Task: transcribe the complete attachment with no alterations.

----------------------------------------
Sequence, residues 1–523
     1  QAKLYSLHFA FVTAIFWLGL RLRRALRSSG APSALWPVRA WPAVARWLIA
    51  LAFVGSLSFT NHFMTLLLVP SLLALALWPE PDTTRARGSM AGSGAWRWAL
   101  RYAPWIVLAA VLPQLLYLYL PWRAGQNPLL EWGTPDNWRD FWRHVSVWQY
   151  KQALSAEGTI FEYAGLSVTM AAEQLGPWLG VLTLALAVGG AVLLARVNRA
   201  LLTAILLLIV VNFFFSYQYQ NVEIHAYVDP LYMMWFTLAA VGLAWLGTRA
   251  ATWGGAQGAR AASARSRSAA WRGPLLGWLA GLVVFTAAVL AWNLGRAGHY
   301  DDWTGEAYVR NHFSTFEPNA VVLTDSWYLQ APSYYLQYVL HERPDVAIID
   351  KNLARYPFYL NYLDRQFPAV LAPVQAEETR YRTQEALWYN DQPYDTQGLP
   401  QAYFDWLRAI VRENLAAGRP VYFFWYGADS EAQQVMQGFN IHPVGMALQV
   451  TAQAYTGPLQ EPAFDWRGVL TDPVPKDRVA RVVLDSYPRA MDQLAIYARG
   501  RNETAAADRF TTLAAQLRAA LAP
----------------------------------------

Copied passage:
Sequence, residues 1–523
     1  QAKLYSLHFA FVTAIFWLGL RLRRALRSSG APSALWPVRA WPAVARWLIA
    51  LAFVGSLSFT NHFMTLLLVP SLLALALWPE PDTTRARGSM AGSGAWRWAL
   101  RYAPWIVLAA VLPQLLYLYL PWRAGQNPLL EWGTPDNWRD FWRHVSVWQY
   151  KQALSAEGTI FEYAGLSVTM AAEQLGPWLG VLTLALAVGG AVLLARVNRA
   201  LLTAILLLIV VNFFFSYQYQ NVEIHAYVDP LYMMWFTLAA VGLAWLGTRA
   251  ATWGGAQGAR AASARSRSAA WRGPLLGWLA GLVVFTAAVL AWNLGRAGHY
   301  DDWTGEAYVR NHFSTFEPNA VVLTDSWYLQ APSYYLQYVL HERPDVAIID
   351  KNLARYPFYL NYLDRQFPAV LAPVQAEETR YRTQEALWYN DQPYDTQGLP
   401  QAYFDWLRAI VRENLAAGRP VYFFWYGADS EAQQVMQGFN IHPVGMALQV
   451  TAQAYTGPLQ EPAFDWRGVL TDPVPKDRVA RVVLDSYPRA MDQLAIYARG
   501  RNETAAADRF TTLAAQLRAA LAP